• Kites is a weird bad movie! And also, Kangana (blech). It was supposed to be Hrithik’s crossover hit, his Dad produced it and Brett Ratner (I think) was involved, they did a shorter cut for the American market, and brought in Barbara Mori (a Mexican actress) as the heroine. It’s one of those runaway love stories that turns tragic things.

        On Tue, Sep 22, 2020 at 12:38 PM dontcallitbollywood wrote:



    • My sister and I have about the same age gap as your boys, and also shared a room, but the problem was that when I hit that night time fears age instead of waking up Mom and Dad, I would wake up my sister, and suddenly there were two kids not getting any sleep. So I got a “big girl bed” at age 3 and my own room and everyone slept better. Which is kind of weird now that I think of it, would make more sense that we would have more fears when we were sleeping in our own rooms, not less.

      I’m thinking you need to bring the mat back too if the bed is running out of space! Also, the oldest has no opinion/feelings about getting a room to himself most nights? Is it scary for him, or nice?

      On Tue, Sep 22, 2020 at 12:32 PM dontcallitbollywood wrote:



  3. I don’t recall any of my 6 kids being particularly scared awake at night. I always “acknowledged” that monsters were scary, but that’s why I always closed the closet door, made sure they had their bappy/lovey, and checked under the bed if there were any weird noises coming from under there. Plus, the VeggieTales song God is Bigger than the Boogeyman seems to have made a positive impression! To this day, monsters are still a thing. I re-arranged furniture and stuff in my grandson’s room so I could close the closet door more easily. When my daughter noticed, I said, “Cause Monsters” and she just nodded and it’s stayed that way.
    As far as babies go, I think it actually, physically hurts to be a baby. So much growing happening, and it’s all so fast. I think leg cramps and bone aches and such make complete sense to me, and that will for sure wake you out of a dead sleep!


    • My sister was just saying she thinks her son had a growth spurt recently. Not because of night time awakeness, she didn’t notice that, but he seemed clumsy and tired as though his body had just been through something. So hard to be a baby.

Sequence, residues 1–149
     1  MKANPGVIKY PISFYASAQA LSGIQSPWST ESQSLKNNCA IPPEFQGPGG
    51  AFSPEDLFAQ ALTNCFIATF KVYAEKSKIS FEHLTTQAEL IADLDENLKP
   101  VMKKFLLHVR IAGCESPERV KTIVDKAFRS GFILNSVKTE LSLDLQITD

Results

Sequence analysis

Did your kids share rooms? I can’t imagine not needing to go wake up Mom and Dad if I woke up from a nightmare all alone in the room.

      On Tue, Sep 22, 2020 at 2:56 PM dontcallitbollywood wrote:



      • My kids shared beds/rooms in various configurations over the years. I had my own room as a kid, but sleeping with my parents wasn’t a thing. For starters, my dad snored REALLY LOUDLY, and second, well, let’s just say that Monsters were probably less scary in the long run!


  4. All my children dreamed before age two. Sometimes nightmares, sometimes giggles. Night terrors are the worst, we’ve only experienced it once, where the child is a massive screaming wailing thrashing fit that won’t calm down for what feels like hours. I’m glad we’ve only experienced it once.

    All my children still climb into bed with us, though we can and often do kick the 11 year old and 8 year old back into their own beds. As the parent sometimes it is claustrophobic. Sometimes I get up and move into the guest room. Sometimes I can’t fall asleep again, and sometimes I love having my children near me.


    • Do the climb into bed because of nightmares, or just because they can’t sleep or are lonely? Or all three?

      Also, did you upgrade to a Queen or King size bed? I was talking with my Mom and when we were little, they had a standard double bed, which caused all the difficulties.

      On Thu, Sep 24, 2020 at 12:43 AM dontcallitbollywood wrote:



      • We have a queen bed. And yes, they pretty much come into bed for any reason. Because I’m “experienced” people will sometimes ask me for sleeping advice… I tell them I failed and to ask someone else.


        • Bottom line, they are going to leave the house eventually, right? So somewhere between now and age 18, they will start sleeping in their own beds, it’s just a question of when (this is similar to the calming advice I give my sister about diapers).

          On Fri, Sep 25, 2020 at 1:22 AM dontcallitbollywood wrote:


          Liked by 1 person